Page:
Corporal punishment in schools: Is it good discipline or bad sex?
By Jordan Riak, October 2008

There is one aspect of corporal punishment which is rarely mentioned, but should be: its sexual side. Some people experience a profound need to dominate a defenseless victim, including the need to inflict pain and terror. This compulsion surely has its psychological roots in their own early experience of cruelty at some critical stage of their development.

Such people have been known to seek employment in schools that practice corporal punishment, a.k.a. "paddling," because those places give them free rein to indulge this perverse appetite. In an apparent attempt to guard against such impropriety, many schools require paddling to be done in the presence of a witness. But no one has ever explained what the witness is supposed to be witnessing or preventing, and there is nothing to prevent the paddler and the witness from being accomplices in an act of sexual battery. Team paddling only protects the adult perpetrators and their employer, not the child. For the child, who is a non-consenting, unequal party in the act, stimulation of the buttocks, painful or otherwise, is also sexual. It’s a felony when done to an unwilling adult.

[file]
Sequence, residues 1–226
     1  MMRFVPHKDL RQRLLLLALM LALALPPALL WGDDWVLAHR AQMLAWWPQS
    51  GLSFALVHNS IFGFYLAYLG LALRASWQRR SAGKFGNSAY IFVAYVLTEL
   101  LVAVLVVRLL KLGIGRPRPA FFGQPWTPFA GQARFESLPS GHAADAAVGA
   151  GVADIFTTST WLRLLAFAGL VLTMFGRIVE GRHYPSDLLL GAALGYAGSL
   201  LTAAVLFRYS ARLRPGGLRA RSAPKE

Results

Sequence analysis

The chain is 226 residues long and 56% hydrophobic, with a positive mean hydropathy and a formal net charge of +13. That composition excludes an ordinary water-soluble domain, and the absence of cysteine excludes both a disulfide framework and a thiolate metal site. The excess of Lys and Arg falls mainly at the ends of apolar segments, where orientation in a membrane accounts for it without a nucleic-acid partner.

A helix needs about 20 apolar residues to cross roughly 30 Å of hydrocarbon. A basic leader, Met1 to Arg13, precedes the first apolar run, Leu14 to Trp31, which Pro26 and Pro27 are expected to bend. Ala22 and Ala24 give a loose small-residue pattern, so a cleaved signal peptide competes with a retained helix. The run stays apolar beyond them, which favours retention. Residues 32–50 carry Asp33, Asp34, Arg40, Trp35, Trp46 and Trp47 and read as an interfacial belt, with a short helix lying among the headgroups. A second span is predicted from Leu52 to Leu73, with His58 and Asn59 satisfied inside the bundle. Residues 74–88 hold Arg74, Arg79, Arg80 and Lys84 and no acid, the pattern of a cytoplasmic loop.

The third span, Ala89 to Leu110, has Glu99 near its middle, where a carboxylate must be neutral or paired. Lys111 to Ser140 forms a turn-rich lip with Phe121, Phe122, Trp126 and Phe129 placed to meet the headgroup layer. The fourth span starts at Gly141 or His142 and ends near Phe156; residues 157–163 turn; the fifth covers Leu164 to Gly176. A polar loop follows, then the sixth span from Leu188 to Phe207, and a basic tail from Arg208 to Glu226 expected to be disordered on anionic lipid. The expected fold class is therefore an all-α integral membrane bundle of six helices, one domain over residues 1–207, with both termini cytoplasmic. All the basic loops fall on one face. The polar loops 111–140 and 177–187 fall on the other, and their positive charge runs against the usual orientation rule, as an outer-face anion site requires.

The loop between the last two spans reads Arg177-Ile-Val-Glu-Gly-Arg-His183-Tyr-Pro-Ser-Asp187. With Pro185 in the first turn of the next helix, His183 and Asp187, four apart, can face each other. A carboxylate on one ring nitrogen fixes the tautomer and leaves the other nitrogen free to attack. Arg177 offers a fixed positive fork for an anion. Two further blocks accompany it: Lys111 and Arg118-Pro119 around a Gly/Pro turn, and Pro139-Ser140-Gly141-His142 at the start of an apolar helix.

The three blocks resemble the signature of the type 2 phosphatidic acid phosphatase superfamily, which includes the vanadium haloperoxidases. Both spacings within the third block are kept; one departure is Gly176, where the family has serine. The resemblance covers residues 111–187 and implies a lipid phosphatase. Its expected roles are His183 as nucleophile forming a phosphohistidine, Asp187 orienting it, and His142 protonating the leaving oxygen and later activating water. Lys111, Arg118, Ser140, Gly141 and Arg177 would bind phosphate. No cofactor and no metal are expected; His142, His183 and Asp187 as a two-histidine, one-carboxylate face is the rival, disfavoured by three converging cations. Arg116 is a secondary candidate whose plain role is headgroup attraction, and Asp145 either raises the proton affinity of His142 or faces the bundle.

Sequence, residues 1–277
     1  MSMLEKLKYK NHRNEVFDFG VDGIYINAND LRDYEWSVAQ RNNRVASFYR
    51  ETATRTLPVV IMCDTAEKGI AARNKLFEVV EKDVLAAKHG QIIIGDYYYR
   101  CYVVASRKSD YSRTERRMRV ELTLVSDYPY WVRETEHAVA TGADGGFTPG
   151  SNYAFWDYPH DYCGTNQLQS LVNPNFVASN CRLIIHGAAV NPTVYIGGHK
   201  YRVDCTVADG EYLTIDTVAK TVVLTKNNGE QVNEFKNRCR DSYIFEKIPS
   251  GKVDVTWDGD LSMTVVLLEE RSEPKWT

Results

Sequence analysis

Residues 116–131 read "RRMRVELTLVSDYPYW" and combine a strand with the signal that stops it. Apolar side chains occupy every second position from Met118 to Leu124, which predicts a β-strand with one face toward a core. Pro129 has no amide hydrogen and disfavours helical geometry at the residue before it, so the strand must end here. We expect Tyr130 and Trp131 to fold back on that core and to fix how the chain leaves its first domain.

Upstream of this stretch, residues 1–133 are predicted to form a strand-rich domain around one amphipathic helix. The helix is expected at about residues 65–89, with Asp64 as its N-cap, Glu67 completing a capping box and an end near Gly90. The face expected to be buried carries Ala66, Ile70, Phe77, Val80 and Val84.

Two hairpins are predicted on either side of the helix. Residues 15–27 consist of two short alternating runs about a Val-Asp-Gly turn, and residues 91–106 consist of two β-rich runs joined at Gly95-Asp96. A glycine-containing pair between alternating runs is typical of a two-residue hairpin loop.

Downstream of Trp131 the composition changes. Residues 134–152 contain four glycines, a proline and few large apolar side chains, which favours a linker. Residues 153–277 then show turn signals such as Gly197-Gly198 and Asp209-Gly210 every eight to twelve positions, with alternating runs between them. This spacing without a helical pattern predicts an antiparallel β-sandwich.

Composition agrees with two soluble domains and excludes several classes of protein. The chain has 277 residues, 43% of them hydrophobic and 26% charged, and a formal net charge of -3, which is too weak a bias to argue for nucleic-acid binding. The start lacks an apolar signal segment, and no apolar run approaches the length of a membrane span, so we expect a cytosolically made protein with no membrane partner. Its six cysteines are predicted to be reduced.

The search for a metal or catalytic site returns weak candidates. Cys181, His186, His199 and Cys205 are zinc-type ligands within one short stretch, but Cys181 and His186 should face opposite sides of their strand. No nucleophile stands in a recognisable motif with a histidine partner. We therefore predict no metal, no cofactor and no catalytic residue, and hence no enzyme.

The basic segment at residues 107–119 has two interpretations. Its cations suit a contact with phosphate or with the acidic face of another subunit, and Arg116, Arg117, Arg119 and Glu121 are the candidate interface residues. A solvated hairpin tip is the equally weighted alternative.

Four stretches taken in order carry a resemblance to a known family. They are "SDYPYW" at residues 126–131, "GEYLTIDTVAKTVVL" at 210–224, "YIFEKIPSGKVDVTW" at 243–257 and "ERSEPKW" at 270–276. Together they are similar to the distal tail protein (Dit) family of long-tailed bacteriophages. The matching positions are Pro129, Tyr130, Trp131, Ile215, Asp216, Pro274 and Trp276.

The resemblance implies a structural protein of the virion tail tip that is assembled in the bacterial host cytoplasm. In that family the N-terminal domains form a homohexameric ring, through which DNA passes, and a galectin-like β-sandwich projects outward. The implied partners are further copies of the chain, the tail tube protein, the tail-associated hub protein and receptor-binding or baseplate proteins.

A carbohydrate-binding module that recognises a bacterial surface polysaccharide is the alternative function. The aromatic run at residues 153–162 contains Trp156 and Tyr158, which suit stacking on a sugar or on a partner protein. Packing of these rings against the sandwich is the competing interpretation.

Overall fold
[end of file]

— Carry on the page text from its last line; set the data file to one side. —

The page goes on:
In light of these dangers, why is corporal punishment of children legal? Why is it even applauded and encouraged in some circles? The answer isn’t complicated. People who hit children find affirmation in the fact that many others do it too. “After all,” they reason, “since it's a long-established practice, and part of official school policy, what can be so wrong?” This mutual reinforcement among child abusers calms doubts and assuages troubled consciences. One hand washes the other.

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